Which morals?

Which morals?

The day will come when the hypocrisy and double standards quagmire the country is drowning in will put in an enormous pledge on the future of the society. Do not have any doubts on that. Unfortunately, any warning or explanation does not mean much.

As a matter of fact, it is quite apparent this society will not pull itself together before it smashes its head on the wall and before it sees all its hopes and expectations of the past 10 years shatter. 

In this context, there is no doubt that according to a recent survey of the Metropoll research company, the 70 percent of the AKP electorate and the 42 percent of the BDP electorate who believe the country has changed for the better will have an unpleasant surprise. More importantly, as long as social segments do not adopt a stance that respects the rights of other citizens in issues beyond their own interests, then that highly wished for social integration will never happen. 

The Metropoll survey also reveals significant clues on which dynamics would be influential in the country as we are approaching local elections. What I gather from the survey is the local election in March 2014 will be one of the most important elections since 1950. 

Nobody doubts Turkey has a conservative character. However, this conservatism is not one that prioritizes the protection of present values. We see a conservatism that is mostly limited to not rebelling against the family authority and controlling the sexuality of women.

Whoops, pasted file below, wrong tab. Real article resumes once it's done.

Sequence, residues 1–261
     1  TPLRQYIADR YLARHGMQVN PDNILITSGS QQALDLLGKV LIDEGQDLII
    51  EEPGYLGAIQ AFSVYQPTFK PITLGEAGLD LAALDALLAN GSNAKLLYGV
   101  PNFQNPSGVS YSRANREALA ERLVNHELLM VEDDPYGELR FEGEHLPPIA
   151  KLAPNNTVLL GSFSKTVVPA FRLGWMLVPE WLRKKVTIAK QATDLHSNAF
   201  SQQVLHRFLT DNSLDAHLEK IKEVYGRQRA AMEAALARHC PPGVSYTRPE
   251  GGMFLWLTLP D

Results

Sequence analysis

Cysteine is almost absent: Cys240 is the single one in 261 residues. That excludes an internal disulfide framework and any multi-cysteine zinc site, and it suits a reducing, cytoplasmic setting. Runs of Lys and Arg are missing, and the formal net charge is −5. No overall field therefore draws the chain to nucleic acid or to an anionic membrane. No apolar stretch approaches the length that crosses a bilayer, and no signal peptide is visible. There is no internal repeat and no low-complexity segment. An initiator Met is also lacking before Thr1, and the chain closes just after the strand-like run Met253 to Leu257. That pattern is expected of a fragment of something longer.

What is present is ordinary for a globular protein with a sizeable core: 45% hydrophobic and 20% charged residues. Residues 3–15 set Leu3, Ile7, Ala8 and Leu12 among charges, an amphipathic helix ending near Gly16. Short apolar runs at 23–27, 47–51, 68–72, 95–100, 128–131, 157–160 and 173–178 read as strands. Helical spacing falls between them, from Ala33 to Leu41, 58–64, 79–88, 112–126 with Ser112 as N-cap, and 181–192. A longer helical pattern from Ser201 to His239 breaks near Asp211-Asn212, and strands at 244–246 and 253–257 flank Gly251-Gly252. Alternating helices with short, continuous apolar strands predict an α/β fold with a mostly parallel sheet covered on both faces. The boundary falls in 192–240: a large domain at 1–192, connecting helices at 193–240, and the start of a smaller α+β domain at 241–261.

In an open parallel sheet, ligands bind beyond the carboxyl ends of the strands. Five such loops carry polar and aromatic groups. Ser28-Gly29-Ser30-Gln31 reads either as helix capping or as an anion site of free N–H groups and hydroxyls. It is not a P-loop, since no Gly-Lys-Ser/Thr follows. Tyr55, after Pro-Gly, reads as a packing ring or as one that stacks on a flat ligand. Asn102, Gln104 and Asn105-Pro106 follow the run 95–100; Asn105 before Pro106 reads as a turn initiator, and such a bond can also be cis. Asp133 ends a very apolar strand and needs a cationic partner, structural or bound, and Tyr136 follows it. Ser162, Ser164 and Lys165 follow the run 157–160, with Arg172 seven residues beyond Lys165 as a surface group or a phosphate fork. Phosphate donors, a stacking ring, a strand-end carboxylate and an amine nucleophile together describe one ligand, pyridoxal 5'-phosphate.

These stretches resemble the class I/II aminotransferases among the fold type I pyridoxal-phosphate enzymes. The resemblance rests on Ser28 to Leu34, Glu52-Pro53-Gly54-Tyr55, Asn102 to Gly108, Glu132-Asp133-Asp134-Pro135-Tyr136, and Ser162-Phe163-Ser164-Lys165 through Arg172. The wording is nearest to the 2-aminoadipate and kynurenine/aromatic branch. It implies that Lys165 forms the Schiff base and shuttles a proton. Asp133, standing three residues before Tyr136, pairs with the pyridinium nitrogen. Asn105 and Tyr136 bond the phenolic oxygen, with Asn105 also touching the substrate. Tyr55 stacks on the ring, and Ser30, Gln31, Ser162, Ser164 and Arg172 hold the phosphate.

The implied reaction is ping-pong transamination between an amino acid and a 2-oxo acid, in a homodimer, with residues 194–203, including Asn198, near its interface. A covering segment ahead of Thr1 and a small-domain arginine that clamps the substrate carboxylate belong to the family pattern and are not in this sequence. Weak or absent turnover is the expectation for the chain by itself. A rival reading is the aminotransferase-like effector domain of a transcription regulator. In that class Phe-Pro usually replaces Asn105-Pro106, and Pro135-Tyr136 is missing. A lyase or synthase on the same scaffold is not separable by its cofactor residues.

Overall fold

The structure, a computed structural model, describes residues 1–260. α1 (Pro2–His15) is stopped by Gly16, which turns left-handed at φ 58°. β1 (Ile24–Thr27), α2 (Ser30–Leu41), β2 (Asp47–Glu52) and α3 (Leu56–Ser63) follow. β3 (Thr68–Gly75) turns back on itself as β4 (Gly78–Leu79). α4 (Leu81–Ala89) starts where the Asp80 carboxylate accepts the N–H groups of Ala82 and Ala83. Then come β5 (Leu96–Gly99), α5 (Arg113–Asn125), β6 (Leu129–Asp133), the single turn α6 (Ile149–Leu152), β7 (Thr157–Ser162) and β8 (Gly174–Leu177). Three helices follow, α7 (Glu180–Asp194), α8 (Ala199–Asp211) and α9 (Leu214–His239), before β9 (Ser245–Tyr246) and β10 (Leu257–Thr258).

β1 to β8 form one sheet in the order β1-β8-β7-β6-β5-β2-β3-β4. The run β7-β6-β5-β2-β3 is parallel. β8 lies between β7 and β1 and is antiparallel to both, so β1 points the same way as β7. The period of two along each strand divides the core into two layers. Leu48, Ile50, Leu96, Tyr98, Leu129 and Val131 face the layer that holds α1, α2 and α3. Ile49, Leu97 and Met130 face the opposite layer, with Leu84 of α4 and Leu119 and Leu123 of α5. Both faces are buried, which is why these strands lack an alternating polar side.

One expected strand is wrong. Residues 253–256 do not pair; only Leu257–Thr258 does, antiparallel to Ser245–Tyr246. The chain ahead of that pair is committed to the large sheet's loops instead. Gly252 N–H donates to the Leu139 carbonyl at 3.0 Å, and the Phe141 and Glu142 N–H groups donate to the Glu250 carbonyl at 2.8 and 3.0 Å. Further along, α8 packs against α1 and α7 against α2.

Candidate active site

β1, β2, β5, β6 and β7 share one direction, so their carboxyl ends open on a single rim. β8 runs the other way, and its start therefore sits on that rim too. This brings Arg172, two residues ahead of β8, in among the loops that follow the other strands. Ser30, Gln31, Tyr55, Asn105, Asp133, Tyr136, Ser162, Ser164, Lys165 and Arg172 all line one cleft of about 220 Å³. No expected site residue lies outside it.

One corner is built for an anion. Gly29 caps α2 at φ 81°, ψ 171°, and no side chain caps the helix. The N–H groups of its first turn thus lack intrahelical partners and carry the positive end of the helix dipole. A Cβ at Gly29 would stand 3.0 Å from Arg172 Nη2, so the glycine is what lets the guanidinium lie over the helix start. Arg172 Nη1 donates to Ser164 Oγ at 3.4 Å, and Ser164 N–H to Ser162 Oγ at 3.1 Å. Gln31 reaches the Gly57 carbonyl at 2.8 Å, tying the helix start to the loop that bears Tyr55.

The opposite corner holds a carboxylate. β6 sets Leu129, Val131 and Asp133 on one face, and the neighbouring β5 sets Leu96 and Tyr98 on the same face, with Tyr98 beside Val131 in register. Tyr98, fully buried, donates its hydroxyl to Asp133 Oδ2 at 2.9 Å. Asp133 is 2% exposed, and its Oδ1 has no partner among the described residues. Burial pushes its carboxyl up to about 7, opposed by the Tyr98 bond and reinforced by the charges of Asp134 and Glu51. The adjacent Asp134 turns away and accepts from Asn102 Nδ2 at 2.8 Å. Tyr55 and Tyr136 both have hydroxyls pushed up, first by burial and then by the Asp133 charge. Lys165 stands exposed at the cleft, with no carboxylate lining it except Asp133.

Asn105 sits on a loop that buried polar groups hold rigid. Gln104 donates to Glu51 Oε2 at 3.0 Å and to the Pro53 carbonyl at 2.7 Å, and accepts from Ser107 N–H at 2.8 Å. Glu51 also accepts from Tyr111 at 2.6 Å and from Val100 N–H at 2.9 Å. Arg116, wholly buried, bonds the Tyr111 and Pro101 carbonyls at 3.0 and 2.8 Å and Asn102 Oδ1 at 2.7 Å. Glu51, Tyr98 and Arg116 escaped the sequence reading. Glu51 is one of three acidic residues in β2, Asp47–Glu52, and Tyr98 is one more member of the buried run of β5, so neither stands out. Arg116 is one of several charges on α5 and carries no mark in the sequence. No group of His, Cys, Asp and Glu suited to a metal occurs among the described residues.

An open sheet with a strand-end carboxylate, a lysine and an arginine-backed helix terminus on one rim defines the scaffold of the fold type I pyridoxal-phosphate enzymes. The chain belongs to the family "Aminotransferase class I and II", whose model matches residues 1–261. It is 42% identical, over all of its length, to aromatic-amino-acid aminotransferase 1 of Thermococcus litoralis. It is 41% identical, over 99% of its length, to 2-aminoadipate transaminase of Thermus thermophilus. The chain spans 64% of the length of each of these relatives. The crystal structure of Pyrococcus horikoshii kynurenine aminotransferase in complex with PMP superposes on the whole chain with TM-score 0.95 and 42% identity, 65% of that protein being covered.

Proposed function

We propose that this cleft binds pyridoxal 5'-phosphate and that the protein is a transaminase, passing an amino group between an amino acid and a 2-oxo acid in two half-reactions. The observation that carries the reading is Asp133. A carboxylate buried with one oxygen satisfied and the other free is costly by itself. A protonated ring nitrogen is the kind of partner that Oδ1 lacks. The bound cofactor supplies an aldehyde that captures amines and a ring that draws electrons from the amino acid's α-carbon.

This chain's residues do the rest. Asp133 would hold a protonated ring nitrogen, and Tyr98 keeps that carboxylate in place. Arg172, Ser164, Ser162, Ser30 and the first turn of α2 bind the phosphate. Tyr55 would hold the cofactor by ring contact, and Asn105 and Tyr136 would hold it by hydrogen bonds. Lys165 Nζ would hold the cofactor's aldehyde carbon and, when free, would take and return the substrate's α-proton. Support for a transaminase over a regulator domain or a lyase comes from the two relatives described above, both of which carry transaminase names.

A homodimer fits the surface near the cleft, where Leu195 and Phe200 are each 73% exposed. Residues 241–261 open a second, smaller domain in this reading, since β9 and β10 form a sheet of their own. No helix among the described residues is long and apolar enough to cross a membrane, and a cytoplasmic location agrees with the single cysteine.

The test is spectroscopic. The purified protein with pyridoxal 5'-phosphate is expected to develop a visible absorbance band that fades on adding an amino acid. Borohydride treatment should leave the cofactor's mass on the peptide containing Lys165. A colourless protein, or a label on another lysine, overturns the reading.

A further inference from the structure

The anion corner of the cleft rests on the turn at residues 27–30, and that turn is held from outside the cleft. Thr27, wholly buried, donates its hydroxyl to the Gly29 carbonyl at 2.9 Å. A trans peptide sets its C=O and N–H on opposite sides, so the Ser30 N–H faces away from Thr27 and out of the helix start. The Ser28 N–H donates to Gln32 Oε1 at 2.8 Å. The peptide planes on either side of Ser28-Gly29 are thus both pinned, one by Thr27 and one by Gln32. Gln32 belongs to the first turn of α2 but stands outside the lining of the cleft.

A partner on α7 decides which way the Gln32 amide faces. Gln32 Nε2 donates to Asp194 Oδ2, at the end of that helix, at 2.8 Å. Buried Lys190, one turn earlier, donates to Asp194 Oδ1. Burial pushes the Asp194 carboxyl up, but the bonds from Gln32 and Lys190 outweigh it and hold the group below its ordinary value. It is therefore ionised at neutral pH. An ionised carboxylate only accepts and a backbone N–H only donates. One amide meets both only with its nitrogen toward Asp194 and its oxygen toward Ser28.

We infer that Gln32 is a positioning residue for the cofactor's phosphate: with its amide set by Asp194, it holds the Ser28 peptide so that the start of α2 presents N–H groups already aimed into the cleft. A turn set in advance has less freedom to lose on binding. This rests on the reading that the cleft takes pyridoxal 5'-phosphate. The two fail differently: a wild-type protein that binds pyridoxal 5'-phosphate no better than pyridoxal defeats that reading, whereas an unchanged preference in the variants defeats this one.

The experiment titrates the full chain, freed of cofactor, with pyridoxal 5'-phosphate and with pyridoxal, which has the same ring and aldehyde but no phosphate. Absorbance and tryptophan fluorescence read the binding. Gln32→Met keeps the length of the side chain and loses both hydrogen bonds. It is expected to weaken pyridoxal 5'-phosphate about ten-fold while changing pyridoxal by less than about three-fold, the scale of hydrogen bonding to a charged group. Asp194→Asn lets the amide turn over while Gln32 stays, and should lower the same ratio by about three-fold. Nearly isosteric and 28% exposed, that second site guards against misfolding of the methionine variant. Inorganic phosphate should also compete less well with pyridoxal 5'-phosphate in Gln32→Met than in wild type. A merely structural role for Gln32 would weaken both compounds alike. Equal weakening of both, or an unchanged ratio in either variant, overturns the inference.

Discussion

According to the survey, 80 percent of the AKP electorate wants “co-ed accommodations for students” to be banned and 69 percent of the whole society does not tolerate this kind of co-habitation. 

It is very interesting that a segment that is not bothered by this much corruption, in which minor girls are raped, that dozens of women are killed on the streets and worker’s rights are trampled on have such a negative stance toward the preferences of grownups. 

There is a society in Turkey that is dominated by those who think morals is not associated with honesty, by doing your job well, by being fair, by treating people equally but only with sexuality. 

According to the report, 37 percent of the society and 54 percent of AKP supporters consider it correct for police to monitor student accommodations. 

It is sad, but not surprising that 50 percent of society thinks the state could set an example for good morals and expects the state to be the guardian of morals. 

What comes out of this survey is not that in general society, and in particular the AKP electorate, do not attribute any importance to individualism, to privacy and to individual freedoms; but worse, that the state can be the guardian of good morals and that it has the authority to interfere with anything has such a wide support in society. 

The outcome of this survey shows us that to be an individual and defend individual rights and freedoms is considered to be a weight too heavy for this society to carry. 

Soli Özel is a columnist for daily HaberTürk in which this abridged piece was published on Dec 4. It was translated into English by the Daily News staff.